EKOTON – Multi-disc Dehydrator
“Ekoton” Company was founded in 1995 by wastewater treatment engineers. The Company started its production activity from simple polymer products with just eight employees. In 1999 the Company had mastered manufacturing of its first mechanized equipment. From year to year EKOTON has increased its own production capacity and involved new professionals to grow their team. Today EKOTON Industrial Group includes three main production factories plus engineering centers, serving customers in more than 30 countries worldwide. EKOTON’s product range covers most wastewater treatment and sludge treatment processes. Their team is constantly developing the equipment they produce, offering innovative and reliable solutions to water industry professionals.
The Multi-disc Dehydrator operates in continuous mode. Influent is pumped from the external process or storage tank into the process tank. A mixing system located in the process tank prevents stratification.The influent is then pumped to the dosing tank, and then through a calibrated overflow to the flocculent tank. Excess influent from the dosing tank returns into the process tank through a control overflow union to allow for continuous steady flow. A polymer solution is supplied into the flocculent tank and is mixed with the influent by means of a mixer to form floccules. Then the influent enters the dewatering drum(s) and is conveyed with the screw(s) to the dewatering zone. As it moves along the drum, the material is dewatered forming a cake and filtrate which is drained through clearances between the rings. As the screws rotate, the movable rings move parallel to the fixed rings to provide self-cleaning of the filter pores. In addition, the external drum surface is flushed with water. The drum exit is partially overlapped by a movable divider. By changing the distance between the drum exit and the divider, the back-pressure on the cake moving inside the drum can be regulated, which determines the degree of sludge dewatering. The dewatered material drops into the receiving hopper of the transporter by gravity feed. The dewatered cake produced by this dehydrator can reach as low as 75-82% residual moisture at an average flocculent dose of 1.5-3.5 kg/t of dry matter.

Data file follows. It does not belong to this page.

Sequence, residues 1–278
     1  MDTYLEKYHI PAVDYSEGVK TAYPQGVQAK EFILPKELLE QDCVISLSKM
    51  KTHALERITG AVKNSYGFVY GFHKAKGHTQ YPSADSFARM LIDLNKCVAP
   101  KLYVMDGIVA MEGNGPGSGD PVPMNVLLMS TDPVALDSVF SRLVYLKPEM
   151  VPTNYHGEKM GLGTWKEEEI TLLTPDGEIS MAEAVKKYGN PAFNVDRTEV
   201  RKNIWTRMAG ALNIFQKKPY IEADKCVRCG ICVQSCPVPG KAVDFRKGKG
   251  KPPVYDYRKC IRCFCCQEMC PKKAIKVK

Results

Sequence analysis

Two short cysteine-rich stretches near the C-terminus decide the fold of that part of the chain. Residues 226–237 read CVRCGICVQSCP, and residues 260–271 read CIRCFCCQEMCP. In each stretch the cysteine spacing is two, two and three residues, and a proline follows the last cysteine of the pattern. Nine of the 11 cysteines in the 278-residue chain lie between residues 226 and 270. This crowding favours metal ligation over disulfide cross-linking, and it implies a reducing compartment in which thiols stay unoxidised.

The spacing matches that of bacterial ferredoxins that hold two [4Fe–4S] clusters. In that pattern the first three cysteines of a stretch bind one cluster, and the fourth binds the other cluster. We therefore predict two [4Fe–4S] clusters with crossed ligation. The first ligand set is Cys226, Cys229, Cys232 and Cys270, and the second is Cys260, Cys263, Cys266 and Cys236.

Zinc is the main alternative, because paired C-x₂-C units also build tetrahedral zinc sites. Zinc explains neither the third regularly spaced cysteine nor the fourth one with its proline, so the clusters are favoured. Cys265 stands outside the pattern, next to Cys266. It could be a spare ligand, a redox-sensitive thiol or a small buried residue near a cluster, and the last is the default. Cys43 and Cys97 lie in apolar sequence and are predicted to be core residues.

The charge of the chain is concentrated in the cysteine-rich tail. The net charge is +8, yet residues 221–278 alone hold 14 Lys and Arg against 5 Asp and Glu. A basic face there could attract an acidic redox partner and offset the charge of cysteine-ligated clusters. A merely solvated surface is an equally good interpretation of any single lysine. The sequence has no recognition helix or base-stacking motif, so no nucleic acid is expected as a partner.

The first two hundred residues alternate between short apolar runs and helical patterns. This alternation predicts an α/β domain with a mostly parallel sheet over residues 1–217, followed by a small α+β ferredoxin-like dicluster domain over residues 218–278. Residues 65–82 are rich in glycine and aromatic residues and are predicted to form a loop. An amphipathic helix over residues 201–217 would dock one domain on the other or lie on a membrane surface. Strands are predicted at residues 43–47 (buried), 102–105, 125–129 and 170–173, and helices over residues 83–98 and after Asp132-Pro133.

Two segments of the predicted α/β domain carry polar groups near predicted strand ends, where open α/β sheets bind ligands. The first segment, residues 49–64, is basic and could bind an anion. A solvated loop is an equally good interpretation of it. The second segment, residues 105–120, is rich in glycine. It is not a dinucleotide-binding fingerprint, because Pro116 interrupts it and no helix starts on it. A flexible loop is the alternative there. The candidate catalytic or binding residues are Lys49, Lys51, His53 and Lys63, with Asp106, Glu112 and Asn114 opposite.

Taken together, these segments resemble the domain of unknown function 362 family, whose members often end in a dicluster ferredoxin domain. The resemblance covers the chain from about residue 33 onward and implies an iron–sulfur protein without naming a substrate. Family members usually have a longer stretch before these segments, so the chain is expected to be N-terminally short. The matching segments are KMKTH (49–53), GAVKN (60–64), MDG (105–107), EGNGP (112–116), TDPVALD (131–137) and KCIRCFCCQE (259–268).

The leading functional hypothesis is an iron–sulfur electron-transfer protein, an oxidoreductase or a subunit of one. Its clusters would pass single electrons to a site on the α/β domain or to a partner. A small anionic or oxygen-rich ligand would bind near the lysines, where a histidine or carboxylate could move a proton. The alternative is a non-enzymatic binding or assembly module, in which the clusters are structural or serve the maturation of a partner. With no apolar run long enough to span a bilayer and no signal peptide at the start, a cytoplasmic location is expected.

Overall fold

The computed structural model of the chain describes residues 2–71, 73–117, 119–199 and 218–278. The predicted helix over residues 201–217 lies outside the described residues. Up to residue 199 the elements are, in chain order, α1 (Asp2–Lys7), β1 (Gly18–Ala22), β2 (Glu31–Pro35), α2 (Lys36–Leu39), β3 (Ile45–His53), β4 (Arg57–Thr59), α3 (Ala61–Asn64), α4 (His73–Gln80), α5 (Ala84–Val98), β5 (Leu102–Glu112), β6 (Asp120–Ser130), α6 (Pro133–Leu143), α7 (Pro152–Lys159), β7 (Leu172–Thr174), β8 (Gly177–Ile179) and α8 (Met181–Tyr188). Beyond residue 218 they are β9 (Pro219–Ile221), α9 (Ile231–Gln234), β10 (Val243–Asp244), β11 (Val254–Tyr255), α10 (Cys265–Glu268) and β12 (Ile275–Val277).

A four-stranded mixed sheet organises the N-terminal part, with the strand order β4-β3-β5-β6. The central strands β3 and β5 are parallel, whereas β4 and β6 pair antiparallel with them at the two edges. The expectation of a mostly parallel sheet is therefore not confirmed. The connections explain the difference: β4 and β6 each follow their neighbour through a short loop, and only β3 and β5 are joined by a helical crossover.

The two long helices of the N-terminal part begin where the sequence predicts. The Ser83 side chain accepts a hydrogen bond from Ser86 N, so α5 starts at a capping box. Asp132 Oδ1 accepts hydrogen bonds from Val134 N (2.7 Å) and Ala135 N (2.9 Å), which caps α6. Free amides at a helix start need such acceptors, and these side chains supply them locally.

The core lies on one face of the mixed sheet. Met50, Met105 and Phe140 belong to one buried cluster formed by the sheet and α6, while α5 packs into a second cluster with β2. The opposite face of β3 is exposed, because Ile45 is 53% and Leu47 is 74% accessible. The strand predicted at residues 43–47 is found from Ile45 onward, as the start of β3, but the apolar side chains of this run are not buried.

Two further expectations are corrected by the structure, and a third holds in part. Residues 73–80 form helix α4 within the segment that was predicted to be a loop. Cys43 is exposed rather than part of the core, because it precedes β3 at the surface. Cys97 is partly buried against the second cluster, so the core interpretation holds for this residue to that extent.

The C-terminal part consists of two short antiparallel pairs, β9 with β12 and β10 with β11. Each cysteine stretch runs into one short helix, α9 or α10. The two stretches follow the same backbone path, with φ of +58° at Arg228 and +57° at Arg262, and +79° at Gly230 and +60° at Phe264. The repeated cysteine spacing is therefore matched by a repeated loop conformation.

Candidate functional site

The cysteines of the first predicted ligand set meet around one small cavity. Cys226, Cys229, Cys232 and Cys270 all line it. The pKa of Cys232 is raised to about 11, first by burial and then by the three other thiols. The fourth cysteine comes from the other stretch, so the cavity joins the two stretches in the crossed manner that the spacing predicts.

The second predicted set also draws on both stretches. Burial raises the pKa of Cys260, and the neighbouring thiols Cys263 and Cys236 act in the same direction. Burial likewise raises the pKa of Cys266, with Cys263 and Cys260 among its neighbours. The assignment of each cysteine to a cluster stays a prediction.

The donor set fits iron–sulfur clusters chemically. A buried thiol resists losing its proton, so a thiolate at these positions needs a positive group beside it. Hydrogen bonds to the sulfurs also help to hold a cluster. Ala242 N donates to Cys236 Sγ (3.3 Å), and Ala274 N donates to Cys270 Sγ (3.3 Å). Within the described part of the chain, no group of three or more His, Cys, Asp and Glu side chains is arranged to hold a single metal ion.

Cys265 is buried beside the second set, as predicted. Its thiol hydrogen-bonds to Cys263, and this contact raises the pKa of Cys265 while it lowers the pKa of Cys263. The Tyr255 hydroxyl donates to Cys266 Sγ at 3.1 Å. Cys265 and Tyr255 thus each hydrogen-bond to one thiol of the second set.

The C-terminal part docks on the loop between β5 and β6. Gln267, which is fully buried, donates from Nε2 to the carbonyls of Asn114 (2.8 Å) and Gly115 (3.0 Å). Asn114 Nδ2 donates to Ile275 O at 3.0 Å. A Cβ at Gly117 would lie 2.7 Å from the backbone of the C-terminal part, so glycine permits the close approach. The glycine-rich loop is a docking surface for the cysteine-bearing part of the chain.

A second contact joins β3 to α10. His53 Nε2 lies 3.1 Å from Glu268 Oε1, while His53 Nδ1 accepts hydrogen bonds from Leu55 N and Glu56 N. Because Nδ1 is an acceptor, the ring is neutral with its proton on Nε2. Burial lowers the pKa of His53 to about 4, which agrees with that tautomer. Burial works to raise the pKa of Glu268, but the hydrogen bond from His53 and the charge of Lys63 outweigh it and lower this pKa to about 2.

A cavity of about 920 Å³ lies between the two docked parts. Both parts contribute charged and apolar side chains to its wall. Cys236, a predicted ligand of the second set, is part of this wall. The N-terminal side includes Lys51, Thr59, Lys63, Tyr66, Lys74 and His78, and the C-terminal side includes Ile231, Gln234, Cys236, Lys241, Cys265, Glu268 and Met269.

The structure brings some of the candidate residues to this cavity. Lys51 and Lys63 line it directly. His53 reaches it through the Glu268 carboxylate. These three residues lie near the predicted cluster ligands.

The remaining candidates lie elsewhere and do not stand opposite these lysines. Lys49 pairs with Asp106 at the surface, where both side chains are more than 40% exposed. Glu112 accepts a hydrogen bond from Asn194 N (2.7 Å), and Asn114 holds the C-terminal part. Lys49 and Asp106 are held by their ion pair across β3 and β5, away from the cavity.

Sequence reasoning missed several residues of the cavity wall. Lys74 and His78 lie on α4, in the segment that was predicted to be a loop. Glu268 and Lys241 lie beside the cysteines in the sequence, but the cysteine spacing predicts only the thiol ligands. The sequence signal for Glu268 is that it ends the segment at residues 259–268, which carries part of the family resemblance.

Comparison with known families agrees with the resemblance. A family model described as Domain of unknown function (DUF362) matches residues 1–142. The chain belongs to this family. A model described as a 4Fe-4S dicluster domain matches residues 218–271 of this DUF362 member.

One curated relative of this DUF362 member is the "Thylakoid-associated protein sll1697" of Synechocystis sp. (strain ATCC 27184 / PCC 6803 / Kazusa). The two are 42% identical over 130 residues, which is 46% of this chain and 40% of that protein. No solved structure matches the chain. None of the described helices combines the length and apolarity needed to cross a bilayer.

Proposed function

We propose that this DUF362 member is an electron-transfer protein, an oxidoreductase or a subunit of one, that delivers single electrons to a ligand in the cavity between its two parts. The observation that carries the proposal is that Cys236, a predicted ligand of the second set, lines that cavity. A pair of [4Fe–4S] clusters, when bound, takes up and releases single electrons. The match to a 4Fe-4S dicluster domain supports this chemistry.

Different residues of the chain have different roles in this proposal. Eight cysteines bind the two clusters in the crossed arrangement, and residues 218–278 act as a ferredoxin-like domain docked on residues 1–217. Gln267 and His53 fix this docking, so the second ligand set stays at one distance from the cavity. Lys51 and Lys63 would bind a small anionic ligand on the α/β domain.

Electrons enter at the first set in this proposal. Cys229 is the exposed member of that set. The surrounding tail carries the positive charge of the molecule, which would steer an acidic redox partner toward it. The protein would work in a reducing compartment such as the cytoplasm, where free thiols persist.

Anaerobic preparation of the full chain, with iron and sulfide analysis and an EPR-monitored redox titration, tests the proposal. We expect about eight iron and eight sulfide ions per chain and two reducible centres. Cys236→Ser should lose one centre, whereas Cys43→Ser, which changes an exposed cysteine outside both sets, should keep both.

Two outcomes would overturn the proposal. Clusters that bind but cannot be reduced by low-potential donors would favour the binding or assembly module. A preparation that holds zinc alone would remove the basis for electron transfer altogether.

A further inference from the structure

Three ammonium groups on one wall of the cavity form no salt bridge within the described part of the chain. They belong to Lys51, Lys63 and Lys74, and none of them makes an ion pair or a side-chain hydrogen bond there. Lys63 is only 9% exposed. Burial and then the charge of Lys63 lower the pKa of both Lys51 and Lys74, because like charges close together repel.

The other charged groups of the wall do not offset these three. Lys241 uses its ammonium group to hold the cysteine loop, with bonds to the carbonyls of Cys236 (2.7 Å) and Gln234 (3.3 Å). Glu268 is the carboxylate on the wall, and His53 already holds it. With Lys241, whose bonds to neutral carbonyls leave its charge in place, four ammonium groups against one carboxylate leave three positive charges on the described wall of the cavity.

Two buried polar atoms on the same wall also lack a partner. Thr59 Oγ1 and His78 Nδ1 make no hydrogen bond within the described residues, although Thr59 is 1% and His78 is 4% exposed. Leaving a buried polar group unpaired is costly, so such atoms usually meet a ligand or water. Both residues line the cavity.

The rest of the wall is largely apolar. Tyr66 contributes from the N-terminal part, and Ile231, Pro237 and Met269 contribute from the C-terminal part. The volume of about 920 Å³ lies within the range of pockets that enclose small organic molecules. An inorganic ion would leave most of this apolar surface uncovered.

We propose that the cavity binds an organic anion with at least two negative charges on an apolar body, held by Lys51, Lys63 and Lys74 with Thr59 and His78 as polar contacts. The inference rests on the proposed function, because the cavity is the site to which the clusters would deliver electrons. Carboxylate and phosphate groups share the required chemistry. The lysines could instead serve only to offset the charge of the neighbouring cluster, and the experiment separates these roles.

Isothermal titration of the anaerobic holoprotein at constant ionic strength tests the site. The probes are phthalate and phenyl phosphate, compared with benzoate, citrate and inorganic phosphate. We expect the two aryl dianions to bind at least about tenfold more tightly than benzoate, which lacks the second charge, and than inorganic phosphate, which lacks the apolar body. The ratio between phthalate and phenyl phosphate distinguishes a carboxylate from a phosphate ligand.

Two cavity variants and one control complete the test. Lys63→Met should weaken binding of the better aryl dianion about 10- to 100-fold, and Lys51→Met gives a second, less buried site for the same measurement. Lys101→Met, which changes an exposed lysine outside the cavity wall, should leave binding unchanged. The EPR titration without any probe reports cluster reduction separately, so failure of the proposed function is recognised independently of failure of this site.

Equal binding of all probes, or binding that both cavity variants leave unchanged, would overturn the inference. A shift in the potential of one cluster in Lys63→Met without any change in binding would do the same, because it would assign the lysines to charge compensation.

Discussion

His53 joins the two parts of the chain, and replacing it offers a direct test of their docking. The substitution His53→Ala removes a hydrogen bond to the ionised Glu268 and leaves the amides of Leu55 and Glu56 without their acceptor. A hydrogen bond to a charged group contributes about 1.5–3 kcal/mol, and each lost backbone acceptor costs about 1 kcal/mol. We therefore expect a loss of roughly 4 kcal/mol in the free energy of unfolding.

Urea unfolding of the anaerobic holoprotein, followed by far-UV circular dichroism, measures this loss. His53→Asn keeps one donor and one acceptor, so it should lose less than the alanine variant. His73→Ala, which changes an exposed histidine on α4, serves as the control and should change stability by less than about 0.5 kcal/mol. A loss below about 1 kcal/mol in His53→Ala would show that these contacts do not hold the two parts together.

Technology Strengths, Weaknesses and Critical Indicators
Chemical flocculation technologies remove the non-dissolved particles from the waste stream typically resulting in irrigation quality “tea water”:
- Produces a clay like cake which is high in phosphorus and with significant amounts of organic nitrogen.
- Supported technologies include belt presses, centrifuges, dissolved air flotation systems and others; all requiring flocculants to achieve high rates of solids removal
- There is significant variation of chemical and energy use depending on site and by technology
- There is significant variation of operational intensity depending on site and by technology
- There is significant variation of cost depending on site and by technology
- Proven technology for nitrogen recovery, phosphorous recovery, storage reduction, GHG reduction, and odor control
Newtrient is currently working with EKOTON Industrial Group to evaluate this technology and to collect information on its use in the dairy industry. At this time there are no installations on dairies in North America. Once the systems is installed on a dairy it will be evaluated on the Newtrient 9-Point Scale.
1. OPERATIONAL HISTORY